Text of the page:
It can be said of all industries: 2020 was a year of challenges that made space for opportunities. Because the coronavirus was a health crisis in itself, the healthcare industry was one of the most affected of all. Faced with an unprecedented (the world’s most-abused word of 2020) test, healthcare organizations were forced to join hands with tech companies to create innovative ways to solve old problems. Looking at the year ahead, transformations have only just begun. Global healthcare spending could reach over $10t by 2022. Investors poured record sums into digital health start-ups in 2020 (an estimated $12b), and we expect funding to remain high in 2021.
Following 2020’s virtuous example, this is going to be a big year for e-health companies going public – we already know that start-up healthcare organizations like Alignment Healthcare and VillageMD will enter the public equity markets.
Let’s run through some areas of healthcare that will drive the modernization of healthcare and could also serve as winning growth opportunities.
Your local grocery store is now your local clinic
Companies that are not even in healthcare, like Amazon (AMZN) and Walmart (WMT), are trying to move into the industry for the noble cause of making services more accessible (in addition to business profits, of course).
Operating in the US, where the costs for healthcare are astronomical, Walmart has the scale and incentive to make an impact. Faithful to its “spend less, live better” motto, the retail giant launched Walmart Health in order to provide “affordable, transparent pricing for key health centre services for local customers, regardless of insurance status”. In rural America you’re more likely to be closer to a Walmart than a hospital, so offering basic health services through these retail outlets as a distribution strategy could have a great impact on often marginalised communities.
Amazon, meanwhile, is focusing on funding e-health startups (eg Haven) and launching healthcare services (eg Amazon Care) for its employees. Amazon is also supporting the cause against COVID-19 by being one of the leading distributors of vaccines. All this to say that the company won’t be falling short of making an impact in the industry in 2021.
Healthcare at your fingertips
5G is enabling the growth of telemedicine services, which includes virtual doctor appointments, home healthcare, and remote patient monitoring. The network’s potential to support telehealth services is particularly helpful in the context of COVID-19, which has forced healthcare to embrace remote ways of working as patients live far from facilities and social distance. In 2020, virtual doctor visits have skyrocketed because of the pandemic, particularly for routine appointments, and the need to fulfil more complex service has seen growing demand. Patients and healthy individuals alike will see a direct impact on their well-being as more app-based resources become available for health management.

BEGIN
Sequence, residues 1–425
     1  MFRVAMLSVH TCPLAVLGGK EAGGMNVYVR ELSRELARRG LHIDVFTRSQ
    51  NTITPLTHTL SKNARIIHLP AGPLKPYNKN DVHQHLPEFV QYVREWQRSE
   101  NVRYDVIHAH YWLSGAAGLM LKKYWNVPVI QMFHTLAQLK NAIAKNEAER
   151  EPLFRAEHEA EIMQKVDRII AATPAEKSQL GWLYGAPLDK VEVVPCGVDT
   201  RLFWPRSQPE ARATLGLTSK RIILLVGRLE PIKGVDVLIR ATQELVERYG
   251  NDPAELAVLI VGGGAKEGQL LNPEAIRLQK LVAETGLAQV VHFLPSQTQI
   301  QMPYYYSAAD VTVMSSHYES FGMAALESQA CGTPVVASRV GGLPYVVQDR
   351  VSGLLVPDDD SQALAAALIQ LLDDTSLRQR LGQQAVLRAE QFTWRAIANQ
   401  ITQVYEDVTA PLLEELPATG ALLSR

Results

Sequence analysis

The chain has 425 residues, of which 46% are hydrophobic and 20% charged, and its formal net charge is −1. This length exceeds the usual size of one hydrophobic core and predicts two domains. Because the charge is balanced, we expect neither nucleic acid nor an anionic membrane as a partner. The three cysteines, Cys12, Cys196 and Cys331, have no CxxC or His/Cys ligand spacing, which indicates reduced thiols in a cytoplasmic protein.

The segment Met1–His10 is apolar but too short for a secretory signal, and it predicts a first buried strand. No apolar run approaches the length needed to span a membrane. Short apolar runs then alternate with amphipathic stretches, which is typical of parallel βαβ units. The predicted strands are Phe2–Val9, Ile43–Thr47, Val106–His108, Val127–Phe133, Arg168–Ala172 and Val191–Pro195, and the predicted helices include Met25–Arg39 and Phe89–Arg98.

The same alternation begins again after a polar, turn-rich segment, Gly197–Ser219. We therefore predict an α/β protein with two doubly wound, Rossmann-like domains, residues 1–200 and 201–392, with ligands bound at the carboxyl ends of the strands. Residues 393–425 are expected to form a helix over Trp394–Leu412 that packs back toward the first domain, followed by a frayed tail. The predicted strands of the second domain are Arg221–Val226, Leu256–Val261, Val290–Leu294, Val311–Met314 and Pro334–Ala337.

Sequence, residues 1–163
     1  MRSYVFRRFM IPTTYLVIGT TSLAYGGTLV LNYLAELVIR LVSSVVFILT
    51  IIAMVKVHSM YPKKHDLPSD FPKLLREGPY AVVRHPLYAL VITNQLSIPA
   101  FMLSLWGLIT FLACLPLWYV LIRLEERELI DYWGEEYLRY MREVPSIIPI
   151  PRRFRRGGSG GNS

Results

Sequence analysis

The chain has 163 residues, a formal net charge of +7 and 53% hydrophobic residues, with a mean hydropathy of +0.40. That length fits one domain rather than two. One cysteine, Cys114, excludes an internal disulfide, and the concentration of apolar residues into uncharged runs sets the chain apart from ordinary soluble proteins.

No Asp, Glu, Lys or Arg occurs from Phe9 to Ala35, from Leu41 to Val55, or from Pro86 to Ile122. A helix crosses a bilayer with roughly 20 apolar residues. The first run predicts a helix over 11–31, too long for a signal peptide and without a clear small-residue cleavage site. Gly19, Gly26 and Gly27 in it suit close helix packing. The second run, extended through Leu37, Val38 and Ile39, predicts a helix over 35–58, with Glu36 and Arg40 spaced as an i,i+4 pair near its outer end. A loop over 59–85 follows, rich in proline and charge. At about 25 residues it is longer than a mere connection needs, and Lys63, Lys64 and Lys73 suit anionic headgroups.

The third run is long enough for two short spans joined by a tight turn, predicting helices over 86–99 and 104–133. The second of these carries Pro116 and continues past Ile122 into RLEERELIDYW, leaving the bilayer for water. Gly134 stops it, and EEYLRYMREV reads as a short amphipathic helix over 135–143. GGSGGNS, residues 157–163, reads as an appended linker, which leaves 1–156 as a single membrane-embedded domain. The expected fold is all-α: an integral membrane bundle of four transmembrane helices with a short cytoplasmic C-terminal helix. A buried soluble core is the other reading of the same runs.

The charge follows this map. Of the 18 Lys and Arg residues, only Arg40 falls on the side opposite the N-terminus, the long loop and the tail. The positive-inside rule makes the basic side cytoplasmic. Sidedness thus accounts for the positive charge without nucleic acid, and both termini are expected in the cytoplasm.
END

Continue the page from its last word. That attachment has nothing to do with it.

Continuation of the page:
Some applications of 5G to healthcare professionals include: monitoring vital signs, blood pressure, and heartbeat (all from a distance!). Integrating 5G with other advanced technologies – Artificial Intelligence, robotics, Internet of Things – will be key in unlocking its full potential.
Dr Robot, here to help you
This brings us to Artificial Intelligence (AI), which indeed has countless applications in healthcare. According to Infoholic Research, the “Artificial Intelligence in Healthcare Market” is expected to reach $1.1b by 2020.
AI has been predominately used in the healthcare industry for basic surgeries, prosthetics, and hospital logistical support, so far. Companies providing friendly robots leading in this space are Intuitive Surgical, Rewalk Robotics, and Diligent Robots, to name a few.
However, in the last few years, research has shown that Artificial Intelligence can match expert-level performance even in tasks like early cancer detection. One company seizing this opportunity is Google’s (GOOGL) DeepMind, which has created an algorithm built to predict breast cancer. In fact, Google has become highly active in AI healthcare applications – its affiliates DeepMind and Google Health have created several AI-driven systems that predict patients’ outcomes, averting blindness, and even just reducing wait times, to name a few.
With this in mind, from the perspective of a more futurist state of mind, AI-enhanced with other technologies, such as machine learning, can have an even wider impact on the development of an Internet of (Medical) Things. Enabled by 5G, companies in this space can connect smart medical devices and software applications to improve the services offered by hospitals, medical equipment manufacturers, and health insurance companies, to name an example. It seems that, before we know it, we’ll be living like the Jetsons!